Build Quality:4.9 out of 5 stars
Hardware:4.8 out of 5 stars
Electronics:4.8 out of 5 stars
Sound:4.8 out of 5 stars
Value:4.9 out of 5 stars
Average:4.8 out of 5 stars

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  • Extremely inexpensive
  • Decent performance
  • Compact design
  • Classic flanger tones


  • Bypass is not that true
  • Does not have a battery option

We live in curious times, my friend – in this day and age you can go online and purchase an effects pedal for less money than it would cost you to buy a bottle of wine. Throughout last couple of years, the market has seen a huge wave of affordable stompboxes that are advertised on every platform out there. No matter what you are looking for: a vacuum cleaner or a juicer, they will pop up right there and lure you into their webs immediately. They always sound promising and when you are paying around 30 bucks for something that can actually emit notes, you do not even complain about a thing.

After all, you basically have nothing to lose. For that reason, everybody out there is trying out these babies. The pattern they usually have is that they are knock-offs of some legendary pedals and try to emulate the sounds that we all admire so much. Do they succeed, though? Surprisingly, they do and quite frequently. Today our article is dedicated to Donner and their Jet Convolution. This is yet another clone of EHX Electric Mistress and it delivers its performance in a tiny box. If you want to know if this little puppy can withstand a competition with its features and sounds, then keep on reading!


We have seen it all – Mooer creating a pedal that was even named similarly, some other Chinese brands cloning the feel of EHX legend and now Donner is playing the game as well. Jet Convolution is a tiny pedal that most of you will glance at with suspicion – this thing is cheap as hell. But it is not so bad in reality. I know why you have those trust issues but this one is not a crappy unit – rather it is pretty decent.

It has simple design per usual: white enclosure is decorated with black Donner logo and tiny stars. There is an LED in the middle to show you when the unit is turned on. The interior is protected with an aluminum alloy chassis that does not seem to be fragile. I am sure this thing will last you quite a while (unless the internal components malfunction which is a risk you take with such units). Jet Convolution offers two modes of operation, just like our beloved Deluxe Electric Mistress.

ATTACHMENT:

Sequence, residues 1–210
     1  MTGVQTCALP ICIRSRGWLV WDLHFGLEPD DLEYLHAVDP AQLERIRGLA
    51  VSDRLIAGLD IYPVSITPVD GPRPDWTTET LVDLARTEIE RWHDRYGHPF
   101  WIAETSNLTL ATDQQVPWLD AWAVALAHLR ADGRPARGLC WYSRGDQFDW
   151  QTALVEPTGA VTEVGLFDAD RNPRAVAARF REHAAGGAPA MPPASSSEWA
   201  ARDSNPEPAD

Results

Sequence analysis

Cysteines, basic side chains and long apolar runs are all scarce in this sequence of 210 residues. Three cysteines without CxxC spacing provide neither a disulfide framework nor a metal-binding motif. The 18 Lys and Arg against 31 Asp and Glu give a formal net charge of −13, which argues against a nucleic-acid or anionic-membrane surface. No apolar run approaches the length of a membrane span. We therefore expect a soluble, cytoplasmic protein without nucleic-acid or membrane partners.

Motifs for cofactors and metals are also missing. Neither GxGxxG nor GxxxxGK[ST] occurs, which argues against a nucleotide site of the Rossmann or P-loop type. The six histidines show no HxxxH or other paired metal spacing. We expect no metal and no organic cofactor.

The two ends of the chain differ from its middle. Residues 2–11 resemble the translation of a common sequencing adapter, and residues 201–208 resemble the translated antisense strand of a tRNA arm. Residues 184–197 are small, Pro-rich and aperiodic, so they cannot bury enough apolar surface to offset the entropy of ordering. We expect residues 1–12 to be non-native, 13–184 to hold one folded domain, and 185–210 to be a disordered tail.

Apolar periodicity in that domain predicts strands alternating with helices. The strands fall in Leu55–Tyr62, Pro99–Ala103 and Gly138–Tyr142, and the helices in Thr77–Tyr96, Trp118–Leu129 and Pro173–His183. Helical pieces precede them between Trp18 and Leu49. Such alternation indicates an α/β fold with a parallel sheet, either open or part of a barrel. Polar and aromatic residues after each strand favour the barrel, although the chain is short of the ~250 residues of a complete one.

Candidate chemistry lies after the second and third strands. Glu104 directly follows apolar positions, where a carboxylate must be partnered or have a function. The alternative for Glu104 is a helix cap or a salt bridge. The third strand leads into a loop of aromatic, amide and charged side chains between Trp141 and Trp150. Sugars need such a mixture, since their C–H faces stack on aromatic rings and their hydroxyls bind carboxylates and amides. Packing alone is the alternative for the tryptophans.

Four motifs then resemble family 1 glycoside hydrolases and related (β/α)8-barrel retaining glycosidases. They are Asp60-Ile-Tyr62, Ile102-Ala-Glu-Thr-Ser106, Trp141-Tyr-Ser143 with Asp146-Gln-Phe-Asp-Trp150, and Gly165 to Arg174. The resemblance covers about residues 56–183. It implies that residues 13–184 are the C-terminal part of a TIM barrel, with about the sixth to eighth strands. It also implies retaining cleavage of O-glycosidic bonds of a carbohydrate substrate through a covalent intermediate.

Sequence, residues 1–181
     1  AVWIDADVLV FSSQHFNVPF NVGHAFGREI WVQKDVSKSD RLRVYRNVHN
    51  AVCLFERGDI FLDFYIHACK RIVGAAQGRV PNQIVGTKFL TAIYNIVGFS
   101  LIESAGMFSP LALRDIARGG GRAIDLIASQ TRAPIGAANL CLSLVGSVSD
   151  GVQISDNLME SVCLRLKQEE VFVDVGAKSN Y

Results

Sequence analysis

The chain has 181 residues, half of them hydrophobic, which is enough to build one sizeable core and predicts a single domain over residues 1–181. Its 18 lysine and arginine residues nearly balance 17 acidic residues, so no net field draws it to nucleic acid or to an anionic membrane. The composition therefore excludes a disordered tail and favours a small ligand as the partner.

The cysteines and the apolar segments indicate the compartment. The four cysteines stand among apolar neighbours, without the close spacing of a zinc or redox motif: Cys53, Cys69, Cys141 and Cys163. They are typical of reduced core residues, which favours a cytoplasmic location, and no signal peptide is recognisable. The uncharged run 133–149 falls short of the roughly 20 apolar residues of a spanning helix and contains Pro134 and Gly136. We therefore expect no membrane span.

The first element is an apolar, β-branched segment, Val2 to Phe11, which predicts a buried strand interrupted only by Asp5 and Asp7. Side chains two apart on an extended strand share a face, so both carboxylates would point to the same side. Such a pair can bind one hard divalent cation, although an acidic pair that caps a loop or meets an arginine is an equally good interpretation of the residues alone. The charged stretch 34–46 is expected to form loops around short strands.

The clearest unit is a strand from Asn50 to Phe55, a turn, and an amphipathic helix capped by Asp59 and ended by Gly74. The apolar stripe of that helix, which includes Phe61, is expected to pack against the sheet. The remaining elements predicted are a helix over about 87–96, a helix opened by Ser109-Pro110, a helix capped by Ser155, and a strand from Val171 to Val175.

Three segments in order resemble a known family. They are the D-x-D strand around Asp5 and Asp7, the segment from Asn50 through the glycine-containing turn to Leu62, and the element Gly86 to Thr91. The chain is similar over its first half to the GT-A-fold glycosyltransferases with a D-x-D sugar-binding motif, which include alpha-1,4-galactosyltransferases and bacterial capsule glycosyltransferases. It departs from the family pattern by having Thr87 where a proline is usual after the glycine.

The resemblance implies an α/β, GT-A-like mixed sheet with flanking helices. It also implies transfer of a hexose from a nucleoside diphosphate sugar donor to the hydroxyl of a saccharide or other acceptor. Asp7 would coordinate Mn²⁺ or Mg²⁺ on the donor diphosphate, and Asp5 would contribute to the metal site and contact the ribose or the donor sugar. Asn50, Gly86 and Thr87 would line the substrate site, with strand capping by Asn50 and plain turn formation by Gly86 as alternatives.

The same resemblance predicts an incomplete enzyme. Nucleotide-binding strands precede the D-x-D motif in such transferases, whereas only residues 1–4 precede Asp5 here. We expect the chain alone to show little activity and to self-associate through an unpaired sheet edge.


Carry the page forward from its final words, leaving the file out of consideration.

It has a Normal mode which is self-explanatory and Filter that freezes the flange and turns the unit into a metallic filter. This baby allegedly has a true bypass, but if I am being honest, it is not that true. You will still notice some tonal interference when the unit is disengaged. However, at this point I think we are asking too much from such a cheap pedal. It can be powered with a typical power supply so you can probably plug in the one you already have. As far as the application goes, I think Jet Convolution will be better for at home practice. When you pay so little, you are compromising consistency and reliability. Though it seems tough and decently built, you never know when it is going to give up and that is a risk you do not want to take during a live performance.


The controls are exactly the same as with Deluxe Electric Mistress (with slightly different functions). You will find all the knobs that made the original so special. However, since flange cannot be nailed that easily, you will still have to undergo some hassle to create the sounds you desired. But that is not the fault of the pedal – it is more of a price that you pay with the effect itself. Anyway, let’s break down the encoders and check out the duties of each one of them.

Color – acts as a depth control and enables you to be subtler or more intense;

Rate – enables you to mess around the speed of the effect and access the full range of possibilities of flange;

Range – determines the center frequency to which the effect is applied. This way you can control where flange is concentrated: on the lower part or the trebles;

Mode Selector – a tiny toggle that allows you to choose between Normal and Filter modes;

Footswitch – not so true bypass switch that activates or turns off our beloved Jet Convolution.

As you can see, you will not need a manual (which, by the way, you would not understand anyway due to poor translation) with this one. Everything is right there on the display.

Donner Jet Convolution Sound

Donner Jet Convolution sounds decent for a pedal that costs so little. It does share certain qualities of Deluxe Electric Mistress, but it goes without saying that it’s not an exact replica. It has a warmth to it that rounds up the whole sound and makes it fuller. At lower settings, it has slow, rotating spins in the frequency that intensify more as you crank them up a notch. It can get quite extreme, but expect some loss in clarity.

This baby sounds equally well in Normal and Filter modes. The former does everything I have just described, while the latter acts as a filter matrix that has a more metallic feel to it. As I have mentioned above, Jet Convolution is a wonderful practice tool. It can also be a great pedal to purchase if you have never tried out flange before and would like something inexpensive to see if it’s for you or not. Either way, it will deliver quality performance and help you in the process of perfecting yourself.


If you are okay with paying so little for an effects pedal, then Donner Jet Convolution is a perfect match for you. Everything about it is decent: be it build quality or sonic results. It is relatively easy to use but you have to take your time to find the proper settings. Despite some of the flaws, this baby deserves a chance. Try it out and you will see that sometimes less price does not mean lesser sound and quality. Good luck! 

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